The overload detection is activated when the load exceeds the WLL. It will then prevent the hoists from being used. This prevents dangerous situations. However, when using an external device, always check whether it is calibrated correctly. If the overload detection is integrated and if it’s maintained properly and logged as such, this check is no longer needed on-site.

Fall Protection toeboards

4. Load

One of the most critical variables when using a swing stage is the load. One of the most obvious safety measures, is not to overload the system. Users should be aware of the Working Load Limit (WLL) of all the components that are being used in the system. This means the WLL of the suspension point and the hoist should be known. Whichever number is the lowest, that is the maximum allowable weight. But there is more to keep in mind. Also make sure the load is distributed evenly. Placing the majority of the load on one side of the platform can cause the platform to tilt or even fail and collapse. So always assess the WLL, the intended load before use, and make sure the load is distributed evenly during operation.

5. Wire rope

Wire rope of insufficient quality will almost certainly cause an incident and possible injuries, or worse. Take the right measures to ensure the wire rope is safe:

  • Check if wire rope is used as specified in the manufacturer’s manual
  • Check whether the wire rope is damaged or repaired. If so, replace the wire rope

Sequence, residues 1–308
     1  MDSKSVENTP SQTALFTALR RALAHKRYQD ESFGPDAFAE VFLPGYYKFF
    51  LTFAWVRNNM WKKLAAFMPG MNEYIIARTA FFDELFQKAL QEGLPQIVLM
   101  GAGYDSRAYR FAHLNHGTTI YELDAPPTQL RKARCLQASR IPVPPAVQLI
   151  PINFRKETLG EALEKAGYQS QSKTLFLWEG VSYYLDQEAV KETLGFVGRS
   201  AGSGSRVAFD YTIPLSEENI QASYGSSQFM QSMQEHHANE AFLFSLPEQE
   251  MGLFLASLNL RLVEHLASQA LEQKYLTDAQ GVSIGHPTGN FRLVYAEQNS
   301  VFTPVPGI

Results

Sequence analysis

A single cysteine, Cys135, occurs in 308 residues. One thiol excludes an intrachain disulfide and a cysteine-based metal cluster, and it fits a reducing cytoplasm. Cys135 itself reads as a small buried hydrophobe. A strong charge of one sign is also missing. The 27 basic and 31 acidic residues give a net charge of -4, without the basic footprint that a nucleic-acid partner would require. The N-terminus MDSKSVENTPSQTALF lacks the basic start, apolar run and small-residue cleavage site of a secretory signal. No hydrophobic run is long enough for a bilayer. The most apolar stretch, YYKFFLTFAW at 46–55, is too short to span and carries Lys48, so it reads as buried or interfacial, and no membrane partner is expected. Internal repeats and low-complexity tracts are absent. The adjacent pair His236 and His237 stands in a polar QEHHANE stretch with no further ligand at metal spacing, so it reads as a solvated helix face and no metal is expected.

• Check if the wire rope is slippery. If so, replace the wire rope
  • Check the wire rope for corrosion

6. Falling objects

To prevent tools, materials, debris or equipment falling from the platform onto employees or pedestrians below, they must be protected from falling objects. One of the options is installing toeboards along all edges of the platform, when it’s suspended 10 feet or higher above the lower level. They have to be solid and at least 3.5 inches high, measured upwards from the level of the platform. When the load is piled higher than the top edge of the toeboard, they should be prevented from falling by paneling or screening reaching to the top of the guardrail.

Another measure that should be taken is barricading the area below. This prevents unauthorized persons to walk under the scaffold. Another effective way to protect people, is using a canopy structure, debris net, or catch platform. This will allow employees to reach certain areas underneath the scaffolding, whilst still protecting them.

Barricade below

External influences

If the suspended platform complies to all requirements and is safe to use, workers still need to be cautious. Extreme weather or damaged components of the structure can affect a platforms’ stability. Always check if the circumstances allow safe use of the suspended platform system.

For example, temperatures below -10° C and above +50° C and wind forces exceeding 6 Beaufort (45 ft/s) mean the circumstances don’t allow safe use of the suspended platform system.

Safety assessment checklist

We have incorporated the items above in one overall checklist for assessing the safety of a suspended platform system. Although there is much more to safe work at height, the above article, and the downloadable checklist, will help you avoid the hazards which are common near construction sites. If you’d like to receive more information, please contact us. One of our scaffolding experts will gladly help you along.